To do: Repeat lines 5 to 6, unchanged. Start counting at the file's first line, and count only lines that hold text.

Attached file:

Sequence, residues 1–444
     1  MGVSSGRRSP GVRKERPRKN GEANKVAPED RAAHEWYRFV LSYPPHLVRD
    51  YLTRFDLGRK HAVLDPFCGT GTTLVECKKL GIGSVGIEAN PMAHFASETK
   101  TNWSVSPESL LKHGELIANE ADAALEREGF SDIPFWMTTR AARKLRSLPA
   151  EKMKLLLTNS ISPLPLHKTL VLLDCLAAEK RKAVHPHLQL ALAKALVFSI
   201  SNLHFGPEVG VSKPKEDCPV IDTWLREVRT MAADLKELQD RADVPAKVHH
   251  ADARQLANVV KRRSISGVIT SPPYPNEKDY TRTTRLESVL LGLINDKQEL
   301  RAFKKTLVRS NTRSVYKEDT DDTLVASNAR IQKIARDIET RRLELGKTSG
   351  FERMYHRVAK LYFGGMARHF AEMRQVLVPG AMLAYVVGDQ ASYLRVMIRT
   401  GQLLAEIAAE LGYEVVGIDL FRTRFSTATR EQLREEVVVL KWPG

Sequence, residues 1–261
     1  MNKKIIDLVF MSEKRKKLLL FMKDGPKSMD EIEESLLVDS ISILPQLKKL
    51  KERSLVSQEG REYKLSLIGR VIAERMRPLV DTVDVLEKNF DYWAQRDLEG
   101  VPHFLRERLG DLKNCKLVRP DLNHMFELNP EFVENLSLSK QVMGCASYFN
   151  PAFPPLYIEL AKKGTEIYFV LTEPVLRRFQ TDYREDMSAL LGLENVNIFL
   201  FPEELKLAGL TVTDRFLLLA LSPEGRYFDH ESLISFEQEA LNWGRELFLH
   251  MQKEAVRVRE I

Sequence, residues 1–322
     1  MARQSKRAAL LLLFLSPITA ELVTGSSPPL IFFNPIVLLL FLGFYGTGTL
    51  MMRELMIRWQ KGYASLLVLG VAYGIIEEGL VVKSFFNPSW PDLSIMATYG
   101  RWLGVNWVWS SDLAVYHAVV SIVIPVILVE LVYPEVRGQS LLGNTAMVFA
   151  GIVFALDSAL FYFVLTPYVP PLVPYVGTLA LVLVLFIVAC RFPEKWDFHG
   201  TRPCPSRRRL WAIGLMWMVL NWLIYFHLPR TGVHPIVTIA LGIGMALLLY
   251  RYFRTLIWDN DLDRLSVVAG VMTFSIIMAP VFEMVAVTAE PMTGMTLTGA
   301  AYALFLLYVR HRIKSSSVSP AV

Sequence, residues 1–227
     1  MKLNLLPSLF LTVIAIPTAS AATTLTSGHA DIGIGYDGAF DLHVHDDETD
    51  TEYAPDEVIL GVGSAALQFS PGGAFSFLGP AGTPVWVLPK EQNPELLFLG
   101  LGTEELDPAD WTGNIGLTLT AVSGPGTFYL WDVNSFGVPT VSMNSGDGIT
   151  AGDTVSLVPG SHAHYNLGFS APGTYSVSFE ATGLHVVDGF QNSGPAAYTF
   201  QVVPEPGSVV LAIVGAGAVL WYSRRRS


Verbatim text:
   151  EKMKLLLTNS ISPLPLHKTL VLLDCLAAEK RKAVHPHLQL ALAKALVFSI
   201  SNLHFGPEVG VSKPKEDCPV IDTWLREVRT MAADLKELQD RADVPAKVHH